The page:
[r-t] Time to vote?

Tim Barnes tjbarnes23 at gmail.com
Tue Oct 21 02:05:20 UTC 2014

With 60+ posts on rotations, we've probably mostly all said what we want to
by now.  Shall we make Tuesday the last day for comments, and vote on

Would a suitable poll be to choose one of the following three options?

1. The existing restriction should remain, and rotations should continue
not to be permitted to be separately named.

2. The restriction should be eliminated, and rotations should be permitted
to be separately named.

3. The restriction should be modified, such that certain types of rotations
may be separately named, but others may not.  This modification is still to
be debated / developed.

A few people have indicated support for #3 but without a full proposal
being developed.  Including this option in the poll would let us see if it
has enough support to warrant further discussion on how the modification
might work.

Let's hope that whatever the result, it's decisive!

In the unlikely case there are still any undecided voters out there, below
are some responses to Graham's comments on my post.

> ... it does not seem worth changing this
> convention. Furthermore, if we did this, why wouldn't we do the same for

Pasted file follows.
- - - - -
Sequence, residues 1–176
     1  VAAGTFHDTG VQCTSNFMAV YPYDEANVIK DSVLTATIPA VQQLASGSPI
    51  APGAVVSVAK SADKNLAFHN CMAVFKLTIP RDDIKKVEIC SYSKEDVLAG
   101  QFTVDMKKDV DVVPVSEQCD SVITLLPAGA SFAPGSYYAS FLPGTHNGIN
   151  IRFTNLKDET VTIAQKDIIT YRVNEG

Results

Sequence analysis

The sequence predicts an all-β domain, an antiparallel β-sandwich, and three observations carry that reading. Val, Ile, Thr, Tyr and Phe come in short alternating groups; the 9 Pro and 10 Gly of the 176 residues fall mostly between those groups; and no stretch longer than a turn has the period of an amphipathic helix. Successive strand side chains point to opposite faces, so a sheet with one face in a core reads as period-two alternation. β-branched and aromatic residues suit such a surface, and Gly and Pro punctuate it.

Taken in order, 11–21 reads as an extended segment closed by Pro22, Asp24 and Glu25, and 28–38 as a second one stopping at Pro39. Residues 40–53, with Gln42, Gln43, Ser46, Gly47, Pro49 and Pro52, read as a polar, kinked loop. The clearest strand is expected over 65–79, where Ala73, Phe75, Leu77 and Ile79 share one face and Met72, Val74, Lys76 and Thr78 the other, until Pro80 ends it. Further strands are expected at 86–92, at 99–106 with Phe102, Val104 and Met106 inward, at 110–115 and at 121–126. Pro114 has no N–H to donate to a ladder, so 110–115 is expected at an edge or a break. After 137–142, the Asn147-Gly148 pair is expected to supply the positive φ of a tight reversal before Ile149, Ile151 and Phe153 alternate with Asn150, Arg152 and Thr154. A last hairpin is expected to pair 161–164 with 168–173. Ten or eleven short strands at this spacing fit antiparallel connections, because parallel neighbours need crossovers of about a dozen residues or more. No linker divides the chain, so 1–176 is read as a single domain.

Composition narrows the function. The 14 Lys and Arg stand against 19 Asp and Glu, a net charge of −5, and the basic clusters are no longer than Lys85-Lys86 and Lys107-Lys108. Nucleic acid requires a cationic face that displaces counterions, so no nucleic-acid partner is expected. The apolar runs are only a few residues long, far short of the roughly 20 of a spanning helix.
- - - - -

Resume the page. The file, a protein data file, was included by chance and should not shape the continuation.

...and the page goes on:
> place notation inversions (Reverse Bob is Plain Bob etc).

Right, but I'm, of course, arguing in the other direction - that because
reversals (of non-palindromic methods) can get a new entry in the Method
Collections, and place notation inversions also get a new entry, it seems
inconsistent that rotations shouldn't also get their own entry in the
Collections, should anyone actually choose to name a rotation.

> ... if not using complete leads in a
> composition, you need to state the start row number and the number of rows
> of the method referenced. This is how I have handled this problem
> generically in Composition Library.

Agreed, but it seems (perhaps just to me) a shame that the software could
have been simpler to learn and operate if it didn't have to deal with added
complexity like this in the rules.  Regardless, it's impressive software,
which I've used a number of times during this debate to test out method


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